Two statements are said to be equivalent if they have the same truth value.

Example Following are two statements. p = It is false that he is a singer or he is a dancer. q = He is not a singer and he is not a dancer.

The first statement p consists of negation of two simple proposition a = He is a singer. b = He is a dancer. They are connected by an OR operator (connective) so we can write, p = ~(a ∨ b)

The second statement q consists of two simple proposition which are negation of a and b ~a = He is not a singer. ~b = He is not a dancer. They are connected by an AND operator (connective) so we can write, q = ~a ∧ ~b

We have, p = ~(a ∨ b) q = ~a ∧ ~b following are the truth tables for p and q

We can see that the truth values are same for both the statements. So, p and q are equivalent statements.

Now we will cover some equivalence laws.

Properties of 0

If x is a statement then, 0 + x = x 0 . x = 0 where + is the OR operator and . is the AND operator

Truth table

Properties of 1

If x is a statement then, 1 + x = 1 1 . x = x where + is the OR operator and . is the AND operator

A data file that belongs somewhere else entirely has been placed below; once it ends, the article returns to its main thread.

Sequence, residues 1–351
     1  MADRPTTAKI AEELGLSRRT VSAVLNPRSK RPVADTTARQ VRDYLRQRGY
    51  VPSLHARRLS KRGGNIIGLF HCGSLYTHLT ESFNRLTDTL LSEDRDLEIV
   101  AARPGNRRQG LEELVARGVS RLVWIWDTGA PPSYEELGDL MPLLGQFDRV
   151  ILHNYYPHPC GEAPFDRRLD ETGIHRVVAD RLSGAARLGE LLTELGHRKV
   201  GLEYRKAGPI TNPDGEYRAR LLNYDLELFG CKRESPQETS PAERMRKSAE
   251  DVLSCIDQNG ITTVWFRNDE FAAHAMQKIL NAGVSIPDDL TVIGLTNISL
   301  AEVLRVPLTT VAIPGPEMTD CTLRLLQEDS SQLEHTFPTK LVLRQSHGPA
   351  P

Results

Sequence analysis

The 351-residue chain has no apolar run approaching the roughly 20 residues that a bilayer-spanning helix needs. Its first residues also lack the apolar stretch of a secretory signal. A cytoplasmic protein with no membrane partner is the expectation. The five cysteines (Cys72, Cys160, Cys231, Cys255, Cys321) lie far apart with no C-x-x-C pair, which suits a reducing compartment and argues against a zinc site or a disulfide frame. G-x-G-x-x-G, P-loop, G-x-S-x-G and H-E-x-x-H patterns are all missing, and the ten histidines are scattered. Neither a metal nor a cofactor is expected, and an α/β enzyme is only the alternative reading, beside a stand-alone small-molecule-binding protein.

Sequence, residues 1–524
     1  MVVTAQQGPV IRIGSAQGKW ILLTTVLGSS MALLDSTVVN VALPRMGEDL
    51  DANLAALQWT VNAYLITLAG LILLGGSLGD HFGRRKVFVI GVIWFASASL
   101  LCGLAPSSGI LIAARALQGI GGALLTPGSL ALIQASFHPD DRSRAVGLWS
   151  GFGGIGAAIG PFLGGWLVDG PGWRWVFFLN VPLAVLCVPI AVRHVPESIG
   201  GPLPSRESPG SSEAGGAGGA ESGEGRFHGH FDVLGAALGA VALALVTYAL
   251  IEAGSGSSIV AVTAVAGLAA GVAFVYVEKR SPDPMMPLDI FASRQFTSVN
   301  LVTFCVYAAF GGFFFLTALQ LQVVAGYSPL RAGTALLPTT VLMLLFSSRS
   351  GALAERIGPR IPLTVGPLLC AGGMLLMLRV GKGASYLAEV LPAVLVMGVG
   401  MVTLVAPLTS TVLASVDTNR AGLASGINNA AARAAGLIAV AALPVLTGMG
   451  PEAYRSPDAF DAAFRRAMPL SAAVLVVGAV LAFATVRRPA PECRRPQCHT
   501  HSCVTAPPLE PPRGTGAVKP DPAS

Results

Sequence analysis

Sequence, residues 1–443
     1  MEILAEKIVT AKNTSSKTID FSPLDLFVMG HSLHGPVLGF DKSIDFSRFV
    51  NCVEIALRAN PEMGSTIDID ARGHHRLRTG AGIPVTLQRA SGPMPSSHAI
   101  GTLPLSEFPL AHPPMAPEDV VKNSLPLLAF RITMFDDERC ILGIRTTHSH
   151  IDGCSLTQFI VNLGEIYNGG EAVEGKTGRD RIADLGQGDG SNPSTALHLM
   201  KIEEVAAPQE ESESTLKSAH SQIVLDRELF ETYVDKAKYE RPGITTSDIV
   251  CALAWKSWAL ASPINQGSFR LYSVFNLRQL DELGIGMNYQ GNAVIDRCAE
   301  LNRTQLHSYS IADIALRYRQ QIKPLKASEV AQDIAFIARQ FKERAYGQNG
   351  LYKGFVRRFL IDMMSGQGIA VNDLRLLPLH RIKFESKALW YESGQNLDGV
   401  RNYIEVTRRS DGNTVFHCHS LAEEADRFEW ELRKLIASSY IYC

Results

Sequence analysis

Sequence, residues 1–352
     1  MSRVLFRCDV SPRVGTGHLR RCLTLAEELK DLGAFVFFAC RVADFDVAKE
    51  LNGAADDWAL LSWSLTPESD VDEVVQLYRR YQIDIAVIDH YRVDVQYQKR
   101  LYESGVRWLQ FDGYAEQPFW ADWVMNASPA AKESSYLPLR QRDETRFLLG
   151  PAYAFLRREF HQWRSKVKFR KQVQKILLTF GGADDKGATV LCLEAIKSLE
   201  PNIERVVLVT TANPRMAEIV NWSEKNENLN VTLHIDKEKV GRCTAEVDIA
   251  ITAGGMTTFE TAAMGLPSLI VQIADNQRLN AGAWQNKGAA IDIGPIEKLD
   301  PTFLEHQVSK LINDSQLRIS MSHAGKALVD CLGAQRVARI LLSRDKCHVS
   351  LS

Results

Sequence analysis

Truth table

Involution

If p is a statement then, ~(~p) = p where ~ is the NOT operator

Truth table

Idempotence Law

If p is a statement then, p + p = p p . p = p where + is the OR operator and . is the AND operator

Truth table

Absorption Law

If p and q are two statements then, p + (p.q) = p p . (p + q) = p where + is the OR operator and . is the AND operator

Truth table

Complementarity Law

If p is a statement then, p + (~p) = 1 p . (~p) = 0 where + is the OR operator, . is the AND operator and ~ is the NOT operator

Truth table

Commutative Law

If p and q are two statements then, p + q = q + p p . q = q . p where + is the OR operator and . is the AND operator

Associative Law

If p, q and r are three statements then, (p + q) + r = p + (q + r) (p . q) . r = p . (q . r) where + is the OR operator and . is the AND operator

Distributive Law

If p, q and r are three statements then, p . (q + r) = (p . q) + (p . r) p + (q . r) = (p + q) . (p + r) p + (~p . q) = p + q where + is the OR operator, . is the AND operator and ~ is the NOT operator

De Morgan's Law

If p and q are two statements then, ~(p + q) = ~p . ~q ~(p . q) = ~p + ~q where + is the OR operator, . is the AND operator and ~ is the NOT operator

Truth table

Conditional Elimination

If p and q are two statements then, p ⇒ q = ~p + q where + is the OR operator and ~ is the NOT operator

Bi-conditional Elimination

If p and q are two statements then, p ⇔ q = (p . q) + (~p . ~q) where + is the OR operator, . is the AND operator and ~ is the NOT operator